Empower Minister Wayne Pelly took his sixth trip to Africa with Empower International Ministries this fall. An opportunity for additional ministry led him to extend his trip from the usual two weeks to three. This was something of a stretch, but the results confirmed the value of this decision. Here is Wayne’s report, edited for space:
New Man, New Woman, New Life Seminars
The heart of our ministry is the three-day seminar that addresses gender-related issues in traditional cultures, “New Man, New Woman, New Life.” I joined my African colleagues in conducting three of these seminars; one during each week while I was in Africa.
For my first seminar, I served with Frank Tweheyo, Empower’s Africa Program Director (and a pastor from western Uganda, who also just completed a Masters in Global Leadership at Fuller Seminary) in conducting a seminar at the Kampala Evangelical School of Theology (KEST). This seminar had roughly 50 participants: ranging from students and faculty at KEST, to pastors and civic leaders.
One of the participants – also a KEST alumna – was the wife of a former Prime Minister of Uganda.
This seminar was arranged by Emmanuel (Emma) Akatunkunda, the academic dean of the college who also arranged for me to preach in the morning service and teach a class that Sunday afternoon at the church where he is a co-pastor.
For my second and third weeks in Africa, I traveled to Mzuzu in northern Malawi, to conduct seminars with Arnold Phiri, a pastor from Blantyre in southern Malawi, and Empower’s Coordinator for Malawi.
The first seminar in Mzuzu was with pastors and other leaders from “African Indigenous Churches” or “AIC’s” – churches founded by Africans independently of Western denominations or missionaries. Arnold arranged this seminar through Pastor Natian Munthali, who invited the pastors and elders from other independent churches throughout the Mzuzu area. The 45 participants at this seminar represented 27 different congregations.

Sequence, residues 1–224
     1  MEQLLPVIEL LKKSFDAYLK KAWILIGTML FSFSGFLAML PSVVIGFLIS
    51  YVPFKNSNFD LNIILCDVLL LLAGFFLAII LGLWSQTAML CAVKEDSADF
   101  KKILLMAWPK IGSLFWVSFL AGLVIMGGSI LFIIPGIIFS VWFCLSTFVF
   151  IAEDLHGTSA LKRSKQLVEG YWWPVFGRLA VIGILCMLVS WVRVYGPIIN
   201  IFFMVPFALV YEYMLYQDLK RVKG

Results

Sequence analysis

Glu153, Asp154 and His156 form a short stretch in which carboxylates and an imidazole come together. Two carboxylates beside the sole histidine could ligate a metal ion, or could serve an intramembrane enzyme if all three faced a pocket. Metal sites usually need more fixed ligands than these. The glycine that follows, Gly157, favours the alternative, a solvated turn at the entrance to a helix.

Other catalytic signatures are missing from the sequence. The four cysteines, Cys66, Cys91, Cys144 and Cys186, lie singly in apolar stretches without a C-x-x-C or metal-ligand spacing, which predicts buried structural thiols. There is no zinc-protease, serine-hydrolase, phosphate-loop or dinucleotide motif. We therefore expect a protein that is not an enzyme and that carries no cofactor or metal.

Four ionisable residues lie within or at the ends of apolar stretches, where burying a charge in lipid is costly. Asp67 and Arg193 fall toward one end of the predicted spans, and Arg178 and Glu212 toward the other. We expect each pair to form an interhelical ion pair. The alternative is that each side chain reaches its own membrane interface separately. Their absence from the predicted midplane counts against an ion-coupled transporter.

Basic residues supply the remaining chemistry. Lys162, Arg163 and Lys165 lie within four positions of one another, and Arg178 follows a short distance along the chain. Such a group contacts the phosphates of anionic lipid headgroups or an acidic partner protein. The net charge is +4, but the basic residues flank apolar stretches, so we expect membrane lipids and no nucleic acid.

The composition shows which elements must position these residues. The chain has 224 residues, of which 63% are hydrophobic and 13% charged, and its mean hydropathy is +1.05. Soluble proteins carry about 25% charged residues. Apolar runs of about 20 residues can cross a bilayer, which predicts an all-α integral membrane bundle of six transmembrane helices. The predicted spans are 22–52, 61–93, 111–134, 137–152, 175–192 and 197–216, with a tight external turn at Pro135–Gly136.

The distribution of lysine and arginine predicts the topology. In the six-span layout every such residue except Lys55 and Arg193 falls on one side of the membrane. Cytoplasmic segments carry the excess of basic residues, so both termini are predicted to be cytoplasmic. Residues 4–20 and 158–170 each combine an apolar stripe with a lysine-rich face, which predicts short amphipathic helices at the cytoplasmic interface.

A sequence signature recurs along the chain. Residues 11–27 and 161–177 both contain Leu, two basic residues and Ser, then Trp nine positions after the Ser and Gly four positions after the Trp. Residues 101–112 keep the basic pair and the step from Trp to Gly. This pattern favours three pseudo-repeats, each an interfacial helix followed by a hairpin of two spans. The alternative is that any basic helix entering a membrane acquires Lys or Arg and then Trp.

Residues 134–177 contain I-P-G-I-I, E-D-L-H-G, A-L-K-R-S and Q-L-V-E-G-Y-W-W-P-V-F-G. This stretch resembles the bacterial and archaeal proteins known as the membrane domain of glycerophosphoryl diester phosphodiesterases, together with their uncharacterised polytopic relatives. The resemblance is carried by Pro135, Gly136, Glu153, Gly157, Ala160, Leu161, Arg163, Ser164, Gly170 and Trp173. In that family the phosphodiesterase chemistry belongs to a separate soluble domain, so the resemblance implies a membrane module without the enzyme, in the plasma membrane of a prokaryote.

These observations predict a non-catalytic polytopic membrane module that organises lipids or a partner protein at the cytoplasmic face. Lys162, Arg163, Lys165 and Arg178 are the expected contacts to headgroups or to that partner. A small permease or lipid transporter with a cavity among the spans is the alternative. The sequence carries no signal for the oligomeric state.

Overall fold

The final seminar Arnold and I conducted was with the Chibavi Church, a congregation in the local synod of the Church of Central Africa Presbyterian (CCAP), led by Pastor Isaiah Mhone (pronounced “M’ HONE-ie”). The 30 participants were lay leaders from the congregation, selected from 20 churches in their synod to have the seminar conducted at their church.
This seminar was arranged by Rev. Glad Kumwenda, the director of “Capacity Development” – essentially Christian Education, Discipleship and Spiritual Formation – for the entire synod. Arnold and I got to know him during our seminar last year with students at the University of Livingstonia in Ekwendeni (just north of Mzuzu), operated by the CCAP. Arnold followed up with him this last summer and Rev. Kumwenda, in conjunction with Rev. Mhone, selected this church for a “pilot” run of our seminar with a congregation.
Comments by seminar participants were a strong indicator of the positive impact of our ministry.
A man in the KEST seminar expressed his liberation in learning the true meaning of submission. The Greek word means to put or place under, not the suppression that often results when men are encouraged to think of themselves as little gods in their homes. With this new understanding, mutual submission makes perfect sense, where each member of the household puts the others first and seeks to empower them to flourish as the Lord desires.